Counterpunch has managed to shake off its ClintonHate long enough to publish a really juicy story on the possibility that Team Trump stole the election
-- an idea which this blog has also explored. (Scroll down.)
According to the exit poll data compiled from 28 states where data was available, nearly every single race where there was a discrepancy between exit poll and final vote data went to Trump.
Especially noteworthy are the following states: Ohio (8.5 percent discrepancy), North Carolina (5.9 percent discrepancy), Pennsylvania (5.6 percent discrepancy), Wisconsin (4.9 percent discrepancy), Florida (2.6 percent discrepancy). In these states, each of which was considered essential for Trump to win the election, the discrepancies between exit poll data and final counts were enough to flip the state to Trump. In other words, had the final results roughly approximated the exit poll data, Clinton would have won each of these states (Ohio was essentially tied). Put simply, the variance in the final counts gave the election to Trump.
With that in mind, consider the fact that exit polls are by far the most reliable barometer of election outcomes because, unlike predictive polling, they measure what has already happened – a vote cast a minute earlier – rather than voter opinions about what they will do in the future. And while there has long been a corporate media campaign to discredit exit polling as inaccurate and invalid as a measure of election results, this baseless assertion is at odds with many experts whose PhDs and experience with polling and election integrity issues certainly carry more weight than the ravings of mainstream liberal media hacks.
And of course, if exit poll data were so wildly inaccurate, perhaps then the US Government should answer for why it uses precisely such data to verify and validate elections in the developing world.
Edison Research is the firm which conducts exit polls. The head of that firm, Joe Lenski, says that exit polls in foreign lands can be used to validate elections because they are designed differently from the exit polls used here. In truth, the differences are not so profound as Lenski would have you believe.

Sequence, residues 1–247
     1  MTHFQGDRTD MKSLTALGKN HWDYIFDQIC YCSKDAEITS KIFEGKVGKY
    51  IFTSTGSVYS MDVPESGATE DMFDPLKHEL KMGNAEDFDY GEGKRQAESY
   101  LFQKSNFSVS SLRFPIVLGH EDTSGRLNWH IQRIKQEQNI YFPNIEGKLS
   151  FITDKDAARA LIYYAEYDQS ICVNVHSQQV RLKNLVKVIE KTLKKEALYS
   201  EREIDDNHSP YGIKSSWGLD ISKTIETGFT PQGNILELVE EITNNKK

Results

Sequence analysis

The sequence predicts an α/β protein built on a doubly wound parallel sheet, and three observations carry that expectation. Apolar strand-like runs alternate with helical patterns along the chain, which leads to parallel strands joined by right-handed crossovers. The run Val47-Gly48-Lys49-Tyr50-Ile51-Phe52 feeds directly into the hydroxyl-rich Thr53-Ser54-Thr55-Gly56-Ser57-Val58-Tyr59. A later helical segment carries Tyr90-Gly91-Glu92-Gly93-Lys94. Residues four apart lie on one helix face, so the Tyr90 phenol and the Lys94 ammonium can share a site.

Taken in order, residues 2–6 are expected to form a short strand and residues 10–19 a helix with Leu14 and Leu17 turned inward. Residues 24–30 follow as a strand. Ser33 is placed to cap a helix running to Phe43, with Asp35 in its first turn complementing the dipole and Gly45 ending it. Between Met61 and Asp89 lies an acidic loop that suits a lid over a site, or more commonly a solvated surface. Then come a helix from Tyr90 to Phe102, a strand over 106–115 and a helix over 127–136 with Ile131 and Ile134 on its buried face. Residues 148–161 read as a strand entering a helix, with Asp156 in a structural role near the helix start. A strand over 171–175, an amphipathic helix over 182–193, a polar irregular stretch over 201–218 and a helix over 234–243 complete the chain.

Besides, why should we not
validate our voting results with the same tools used to validate elections held in the developing world?
Perhaps Mr. Lenski should elaborate on why Edison exit polls “catch manipulations” in foreign countries, but simply cannot do so in the US? It’s unlikely Lenski would be able to answer the question truthfully because in doing so he’d reveal that this assertion is based on political considerations and complexities rather than methodological ones. Perhaps Lenski could also explain why he invokes the “margin of error” argument when he knows perfectly well that the results in Ohio, North Carolina, Pennsylvania, Wisconsin, and Florida are well beyond the margin of error. Is this deliberate obfuscation? It certainly seems that way.
We may fairly presume that Lenski is a well-educated man. Therefore, he must understand that he is engaging in a logical fallacy. When the exits disagree with the official tallies, his firm manipulates the exits numbers to make them conform -- and yet we are supposed to rest assured that the official tallies are accurate because the exit polling data offers confirmation.
That type of anti-reasoning is what logicians mean when they use the term "begging the question," a phrase which many people misunderstand. You beg the question
when you offer an argument in which the answer you prefer is presumed to be true from the outset. Have you ever met a fundamentalist who told you that God must be real because the Bible says so, and we know the Bible to be accurate because it was written by God? That
, my friends, is begging the question
-- or petitio principii
, if you want to be fancy about it. In a formal sense, little or nothing differentiates the fundamentalist's argument from Mr. Lenski's.
(Many people say "That begs the question" when they mean to say "That raises
the question." I presume that my readers know better than to make that error.)
Let us not fear to cry foul in the face of this obvious evidence of election tampering. After all, the Republicans have no such qualms: Remember what Trump said before the election. And look at how the Republicans are now trying to undermine the vote for the governor of North Carolina.
A couple of posts down, I asked (vis-a-vis the suspicious exit polls): How do we get the word out?
Well, Counterpunch is a good start. Next stops: Democratic Underground. TPM. HuffPo. MSNBC. The NYT and the WP.
As they used to say in 2008: Get this to Keith!
On a completely unrelated note:
Here's a literary poser which I may have mentioned here before, although I don't recall doing so.
What is the secret relationship between The Epic of Gilgamesh (the first great saga) and The Exorcist?